"I see it every day in my practice -- tweens often begin to self-medicate around middle school," says Tanya Altmann, M.D., F.A.A.P., a pediatrician and child health expert trained at the University of California, Los Angeles. "It's very important for parents to teach their tweens to always read and follow the instructions on the label, use the dosing device that comes with the medication and always store medications up and away from younger siblings." She adds, "These survey results are another reminder that medication safety and education are such important topics, especially for tweens who are starting to become more independent."

Parents play a critical role in helping their tweens learn about the responsible use of OTC medicines. The vast majority of parents surveyed were unsure if OTC-related issues are taught in their tweens' school. Since National Health Education Standards, which include OTC literacy lessons, are not required to be taught in U.S. schools, it is important for parents and guardians to educate and teach the safe use and storage of OTC medicines with their tweens.

"Scholastic is pleased to be partnering with AAPCC on this important program," shares Ann Amstutz Hayes, senior vice president, Scholastic National Partnerships. "Together we are supporting educators, school health professionals and families with interactive multimedia tools and resources that have been proven to help teachers and their students. OTC Literacy is specifically tailored to meet the needs of these teachers and students to increase knowledge on the important topic of OTC medicine safety and to drive positive behavior change."

Successfully launched in schools nationwide in 2013, the OTC Literacy program includes resources and engaging educational activities specifically designed for parents and teachers of tweens to increase knowledge of OTC safety and responsible use. The program places special emphasis on the message that tweens should only take OTC medications with the permission and supervision of parents or guardians. Educators and parents can download all of the materials online at www.scholastic.com/OTCliteracy/parents.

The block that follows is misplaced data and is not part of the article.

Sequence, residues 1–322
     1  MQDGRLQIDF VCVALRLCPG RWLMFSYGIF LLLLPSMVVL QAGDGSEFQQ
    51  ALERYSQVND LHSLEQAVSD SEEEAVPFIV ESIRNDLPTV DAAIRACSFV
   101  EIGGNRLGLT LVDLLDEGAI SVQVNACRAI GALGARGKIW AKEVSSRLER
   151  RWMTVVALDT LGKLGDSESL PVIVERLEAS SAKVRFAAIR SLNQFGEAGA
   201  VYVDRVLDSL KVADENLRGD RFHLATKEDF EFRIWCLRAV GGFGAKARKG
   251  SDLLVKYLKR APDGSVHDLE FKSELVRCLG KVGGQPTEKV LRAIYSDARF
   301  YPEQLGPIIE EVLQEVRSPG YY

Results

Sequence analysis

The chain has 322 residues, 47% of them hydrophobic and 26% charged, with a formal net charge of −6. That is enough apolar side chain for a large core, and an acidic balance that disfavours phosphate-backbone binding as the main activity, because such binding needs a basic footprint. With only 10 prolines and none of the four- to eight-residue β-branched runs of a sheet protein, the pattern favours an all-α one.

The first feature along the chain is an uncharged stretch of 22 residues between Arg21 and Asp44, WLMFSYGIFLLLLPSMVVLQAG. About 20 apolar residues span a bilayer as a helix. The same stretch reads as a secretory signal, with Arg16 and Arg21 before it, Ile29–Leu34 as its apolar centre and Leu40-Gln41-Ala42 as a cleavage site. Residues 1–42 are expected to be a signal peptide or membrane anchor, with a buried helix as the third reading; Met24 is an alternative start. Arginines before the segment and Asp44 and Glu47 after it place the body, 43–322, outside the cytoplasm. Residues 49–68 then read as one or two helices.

About AAPCC
The AAPCC promotes the nation's 57 poison centers and supports their efforts to prevent and treat poison exposures. Poison centers offer free, confidential medical advice 24 hours a day, seven days a week through the Poison Help Line at 1-800-222-1222. This service provides a primary resource for poisoning information and helps reduce costly emergency department visits through in-home treatment. To learn more, visit www.aapcc.org, like us on Facebook, follow us on Twitter, or read our blog at aapcc.wordpress.com. To join your voice with other poison center supporters, register for the AAPCC advocacy network at www.capwiz.com/aapcc -- click on "Action E-List."

About Scholastic
Scholastic Corporation (NASDAQ: SCHL) is the world's largest publisher and distributor of children's books and a leader in educational technology and related services and children's media. Scholastic creates quality books and ebooks, print and technology-based learning materials and programs, magazines, multi-media and other products that help children learn both at school and at home. The Company distributes its products and services worldwide through a variety of channels, including school-based book clubs and book fairs, retail stores, schools, libraries, on-air, and online at www.scholastic.com.

1 Mowry JB, Spyker DA, Cantilena LR Jr, Bailey JE, Ford M. 2012 Annual Report of the American Association of Poison Control Centers' National Poison Data System (NPDS): 30th Annual Report. Clin Toxicol (Phila). 2013 Dec;51(10):949-1229